Keywords: Hole-board, hypothalamus, lactation, open field, oxytocin, pituitary, prolactin


How to cite this article:
Oyekunle AO, Ibironke GF, Omotoso Y, Adu TS. Evaluation of neurobehavioral characteristics in actively lactating and nonlactating Wistar rats. Niger J Exp Clin Biosci 2013;1:28-32

How to cite this URL:
Oyekunle AO, Ibironke GF, Omotoso Y, Adu TS. Evaluation of neurobehavioral characteristics in actively lactating and nonlactating Wistar rats. Niger J Exp Clin Biosci [serial online] 2013 [cited 2019 Oct 17];1:28-32. Available from: http://www.njecbonline.org/text.asp?2013/1/1/28/123960


  Introduction Top


Lactation is the production of milk from the mammary gland. This physiological process provides significant nutritional, immunological, and developmental benefits to the young ones. This process is largely under the influence of two major hormones - Prolactin (PRL) and Oxytocin (OT). PRL discovered over eight decades ago [1],[2] is defined as a pituitary-secreted polypeptide hormone, which was named for its stimulatory action on lactation. Various animal models, including mice deficient for PRL [3] or for its receptor (PRL-R) [4] have unambiguously confirmed this. In addition to its critical actions in mammary gland function during pregnancy and lactation, the anterior pituitary hormone PRL exerts important actions within the brain. PRL is thought to gain access to the brain through a carrier mediated transport system [5] likely involving PRL-R in the choroid plexus. [6],[7] Likewise OT is synthesized in the neurons of the supraoptic and paraventricular nuclei (PVN) of the hypothalamus, which project to the posterior pituitary gland and release OT into the blood stream. [8] This peripherally acting OT has it receptor present in a number of tissues including uterus, [9] kidney, [10],[11] and brain. [12],[13] OT stimulates uterine contractions during parturition [9],[14] milk ejection during lactation [15],[16] and increases renal sodium excretion and glomerular filtration rates in rats. [17] This study is therefore aimed at investigating the neurobehavioral characteristics imposed by presence or absence of these hormones (PRL and OT).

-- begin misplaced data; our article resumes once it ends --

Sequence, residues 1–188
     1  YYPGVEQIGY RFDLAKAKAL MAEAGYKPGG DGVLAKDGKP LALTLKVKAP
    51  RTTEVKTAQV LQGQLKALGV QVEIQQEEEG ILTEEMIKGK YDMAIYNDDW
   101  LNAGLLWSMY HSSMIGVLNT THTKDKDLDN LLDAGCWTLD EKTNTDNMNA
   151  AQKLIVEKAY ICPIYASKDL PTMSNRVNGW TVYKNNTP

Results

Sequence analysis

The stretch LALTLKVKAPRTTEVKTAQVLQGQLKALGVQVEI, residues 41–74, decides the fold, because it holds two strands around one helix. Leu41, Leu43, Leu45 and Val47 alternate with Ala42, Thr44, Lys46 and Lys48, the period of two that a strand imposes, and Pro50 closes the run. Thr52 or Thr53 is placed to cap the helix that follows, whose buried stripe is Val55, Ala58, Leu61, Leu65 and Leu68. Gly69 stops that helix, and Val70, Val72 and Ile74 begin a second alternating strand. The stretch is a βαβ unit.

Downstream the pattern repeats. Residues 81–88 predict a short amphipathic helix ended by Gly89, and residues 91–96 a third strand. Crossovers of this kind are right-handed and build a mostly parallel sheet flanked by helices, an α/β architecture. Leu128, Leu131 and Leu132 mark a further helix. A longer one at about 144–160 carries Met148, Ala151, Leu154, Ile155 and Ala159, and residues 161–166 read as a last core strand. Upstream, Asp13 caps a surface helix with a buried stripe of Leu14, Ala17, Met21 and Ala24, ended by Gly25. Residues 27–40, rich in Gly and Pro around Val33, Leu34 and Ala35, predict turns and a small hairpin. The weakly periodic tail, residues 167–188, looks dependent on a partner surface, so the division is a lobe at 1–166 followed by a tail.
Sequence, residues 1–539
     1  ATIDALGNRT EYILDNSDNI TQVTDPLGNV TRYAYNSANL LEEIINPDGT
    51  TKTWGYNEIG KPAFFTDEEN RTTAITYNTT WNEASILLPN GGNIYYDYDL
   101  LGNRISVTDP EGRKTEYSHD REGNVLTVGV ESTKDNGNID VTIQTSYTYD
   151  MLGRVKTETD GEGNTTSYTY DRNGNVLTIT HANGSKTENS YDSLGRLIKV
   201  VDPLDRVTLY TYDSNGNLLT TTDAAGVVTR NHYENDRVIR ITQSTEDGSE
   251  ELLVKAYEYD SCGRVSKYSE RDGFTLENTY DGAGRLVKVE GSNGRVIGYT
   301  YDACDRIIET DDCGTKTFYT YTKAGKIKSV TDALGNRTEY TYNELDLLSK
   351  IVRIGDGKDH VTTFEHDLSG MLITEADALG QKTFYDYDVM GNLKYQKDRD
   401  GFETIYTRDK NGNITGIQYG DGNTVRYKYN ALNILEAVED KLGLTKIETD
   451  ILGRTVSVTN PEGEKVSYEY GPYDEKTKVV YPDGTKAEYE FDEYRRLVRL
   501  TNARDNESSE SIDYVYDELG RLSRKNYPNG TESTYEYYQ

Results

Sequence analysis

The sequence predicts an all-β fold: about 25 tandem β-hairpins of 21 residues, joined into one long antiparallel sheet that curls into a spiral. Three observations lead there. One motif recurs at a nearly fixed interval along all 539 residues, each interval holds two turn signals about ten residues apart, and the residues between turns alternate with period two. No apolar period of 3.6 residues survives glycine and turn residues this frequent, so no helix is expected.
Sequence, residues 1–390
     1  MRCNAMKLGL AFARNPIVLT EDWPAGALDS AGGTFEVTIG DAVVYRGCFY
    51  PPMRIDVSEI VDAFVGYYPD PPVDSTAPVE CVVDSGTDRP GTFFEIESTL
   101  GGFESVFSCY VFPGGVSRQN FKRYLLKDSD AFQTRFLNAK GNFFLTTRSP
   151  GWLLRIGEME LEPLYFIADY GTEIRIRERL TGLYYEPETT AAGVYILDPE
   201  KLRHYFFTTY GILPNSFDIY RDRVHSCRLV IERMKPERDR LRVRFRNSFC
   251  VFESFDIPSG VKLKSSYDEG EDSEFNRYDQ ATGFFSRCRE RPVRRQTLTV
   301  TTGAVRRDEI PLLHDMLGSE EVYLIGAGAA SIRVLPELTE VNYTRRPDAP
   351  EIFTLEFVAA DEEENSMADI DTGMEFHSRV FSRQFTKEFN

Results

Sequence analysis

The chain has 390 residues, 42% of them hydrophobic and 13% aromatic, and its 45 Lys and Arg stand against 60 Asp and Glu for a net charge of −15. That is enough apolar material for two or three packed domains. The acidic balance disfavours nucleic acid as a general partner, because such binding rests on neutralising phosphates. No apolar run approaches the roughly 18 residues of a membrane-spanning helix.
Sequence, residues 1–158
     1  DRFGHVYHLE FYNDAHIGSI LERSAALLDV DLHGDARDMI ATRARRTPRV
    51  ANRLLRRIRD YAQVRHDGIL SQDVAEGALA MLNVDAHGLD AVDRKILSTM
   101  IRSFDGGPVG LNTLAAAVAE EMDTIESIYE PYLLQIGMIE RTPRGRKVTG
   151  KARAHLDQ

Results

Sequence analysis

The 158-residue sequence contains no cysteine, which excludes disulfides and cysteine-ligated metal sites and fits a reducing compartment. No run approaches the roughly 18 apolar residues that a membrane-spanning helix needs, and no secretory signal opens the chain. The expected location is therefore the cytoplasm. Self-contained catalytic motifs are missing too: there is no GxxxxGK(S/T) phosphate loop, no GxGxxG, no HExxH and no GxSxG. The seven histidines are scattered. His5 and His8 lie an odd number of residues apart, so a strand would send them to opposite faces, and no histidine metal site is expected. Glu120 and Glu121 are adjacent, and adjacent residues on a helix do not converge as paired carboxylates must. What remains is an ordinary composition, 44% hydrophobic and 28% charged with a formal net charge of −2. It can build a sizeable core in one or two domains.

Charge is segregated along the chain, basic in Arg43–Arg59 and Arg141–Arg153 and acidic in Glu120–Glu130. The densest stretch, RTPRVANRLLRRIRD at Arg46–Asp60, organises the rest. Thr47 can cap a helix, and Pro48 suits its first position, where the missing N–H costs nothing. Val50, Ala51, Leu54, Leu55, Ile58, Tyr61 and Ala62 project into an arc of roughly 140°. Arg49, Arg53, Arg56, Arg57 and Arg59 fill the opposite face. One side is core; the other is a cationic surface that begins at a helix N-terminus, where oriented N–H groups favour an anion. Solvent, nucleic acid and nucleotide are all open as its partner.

Materials and Methods Top


Animals

A total of 20 female Wistar rats were used for the study. The animals were grouped into two of 10 animals each. Group 1 consists of 10 healthy nonlactating, nonpregnant female animals (80-100 g) while group 2 consists of 10 actively lactating female animals (100-110 g). The animals were housed in preclinical animal house, College of Health Sciences, Ladoke Akintola University of Technology, Ogbomoso. They were maintained under standard laboratory conditions 12 h light/dark cycle at 23 ± 2°C and had free access to food (standard rat chow) and water throughout the experiment. All experimental protocol of the study was approved by the institutional animal ethical committee.